London has become an alienating and depressing place except for the very rich. It has sucked in so much foreign labour and foreign capital that its traditional working class and its creative young bohemians have mostly fled elsewhere. Those big old north London houses where I used to visit student flats, squats, and witches’ basement covens back in the seventies, have now become sold to the banking and political classes for ten million quid each. Anyone earning less than 50K in London these days usually has to endure several hours a day of ghastly commuting to do so.

So, as I prefer the past to the present and to most likely futures, will I vote UKIP?

Probably not. Whilst I have immense sympathy for the cause of extricating this country from the ghastly mess of the profoundly undemocratic EU Synarchy and regaining the power to make our own laws, I don’t want to compromise the Conservatives chances of winning in my marginal constituency where UKIP have no chance. Plus UKIP’s environmental policies look cretinously uninformed. Okay so renewables may prove expensive and unsightly (although I quite like windmills), but the alternative of continuing to burn fossil fuel will prove catastrophic within the foreseeable future. I wouldn’t describe UKIP as particularly racist; I worked for them locally for a few years in the early days; I’d call them Culturalists. They would like to preserve or salvage a lot of the good stuff about the UK because it’s a lot better than many other cultures. I know because I’ve travelled widely.

The economic consequences of leaving the EU seem positive rather than negative, it will save £10 billion in contributions, burn kilo-parsecs of red tape, and trading will continue as normal, as indeed it does with Norway and Switzerland, two European countries that very wisely stayed out of the EU.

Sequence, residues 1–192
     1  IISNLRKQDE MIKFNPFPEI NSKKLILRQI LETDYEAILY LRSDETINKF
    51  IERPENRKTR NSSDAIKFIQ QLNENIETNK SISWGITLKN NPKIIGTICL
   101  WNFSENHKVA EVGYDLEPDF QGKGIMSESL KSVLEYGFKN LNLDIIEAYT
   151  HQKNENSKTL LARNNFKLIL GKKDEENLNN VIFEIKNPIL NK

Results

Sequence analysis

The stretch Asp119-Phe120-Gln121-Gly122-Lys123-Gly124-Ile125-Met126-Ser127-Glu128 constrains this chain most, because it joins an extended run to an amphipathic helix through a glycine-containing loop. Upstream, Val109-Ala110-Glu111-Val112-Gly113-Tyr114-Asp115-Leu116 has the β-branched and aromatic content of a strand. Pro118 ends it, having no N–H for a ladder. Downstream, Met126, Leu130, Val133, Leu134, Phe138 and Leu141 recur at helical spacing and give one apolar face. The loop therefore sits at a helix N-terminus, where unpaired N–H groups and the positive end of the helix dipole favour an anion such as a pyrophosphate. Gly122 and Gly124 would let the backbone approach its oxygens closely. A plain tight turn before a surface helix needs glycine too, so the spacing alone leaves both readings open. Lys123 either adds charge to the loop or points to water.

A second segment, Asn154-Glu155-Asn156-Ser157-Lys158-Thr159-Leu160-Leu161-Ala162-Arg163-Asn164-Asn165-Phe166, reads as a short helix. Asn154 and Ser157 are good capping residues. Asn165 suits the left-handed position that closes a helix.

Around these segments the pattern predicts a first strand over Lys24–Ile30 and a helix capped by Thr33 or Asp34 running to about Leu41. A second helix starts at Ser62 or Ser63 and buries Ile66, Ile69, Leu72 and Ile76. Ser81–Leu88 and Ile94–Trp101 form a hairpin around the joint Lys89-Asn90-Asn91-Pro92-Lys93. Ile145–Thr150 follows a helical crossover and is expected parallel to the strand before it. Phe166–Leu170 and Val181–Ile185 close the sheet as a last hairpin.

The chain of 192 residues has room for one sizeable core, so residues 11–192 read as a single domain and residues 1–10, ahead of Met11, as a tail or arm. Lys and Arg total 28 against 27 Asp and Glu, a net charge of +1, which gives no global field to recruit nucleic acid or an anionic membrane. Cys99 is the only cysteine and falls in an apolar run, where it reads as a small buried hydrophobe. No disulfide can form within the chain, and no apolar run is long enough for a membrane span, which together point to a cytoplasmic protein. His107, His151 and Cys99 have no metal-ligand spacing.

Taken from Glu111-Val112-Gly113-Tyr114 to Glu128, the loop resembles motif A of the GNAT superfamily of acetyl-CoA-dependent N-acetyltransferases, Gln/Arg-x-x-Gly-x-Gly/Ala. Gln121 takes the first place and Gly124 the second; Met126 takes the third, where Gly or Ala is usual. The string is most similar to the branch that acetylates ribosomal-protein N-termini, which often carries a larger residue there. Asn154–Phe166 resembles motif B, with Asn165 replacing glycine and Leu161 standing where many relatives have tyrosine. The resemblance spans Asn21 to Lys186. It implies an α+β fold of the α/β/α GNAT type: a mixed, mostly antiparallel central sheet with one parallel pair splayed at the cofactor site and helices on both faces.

The EU benefits nobody except big-business against the interests of small and medium businesses, and the political class against the interests of the people.

I shall vote Conservative and hope for a Con-UKIP coalition that may yet grant us a referendum on the EU, and prevent further immigration.

I will do this not out of love for the Conservatives but out of dread of the alternative, the nightmare scenario of a Labour-SNP coalition which will try to boom and bust the economy again, even before the repair work undertaken by the Conservatives has finished.

The treacherous twerp who heads up the labour party sold out his own brother to gain personal power. It would come as no surprise to see him sell out the Scottish labour party to the SNP to gain more, and to sell out the whole UK to the EU to get himself into the EU commission later in his career.

As for the Illiberal Dimocrats, well I expect the party of busybodies which merely gathers the ‘Neither of the above’ vote, to sink without trace now that we face some real choices.

In the UK nearly everyone votes negatively, to keep out the party they dislike most, and turnout at elections remains low. Few people actively like any of the parties, political party membership stands at an all-time historical low, we have no room for charismatic leaders or demagogues here, and a more or less free press continually takes the mickey out of them all. Our police do not routinely carry guns.

I regard all of these things as signs of a fairly healthy democracy.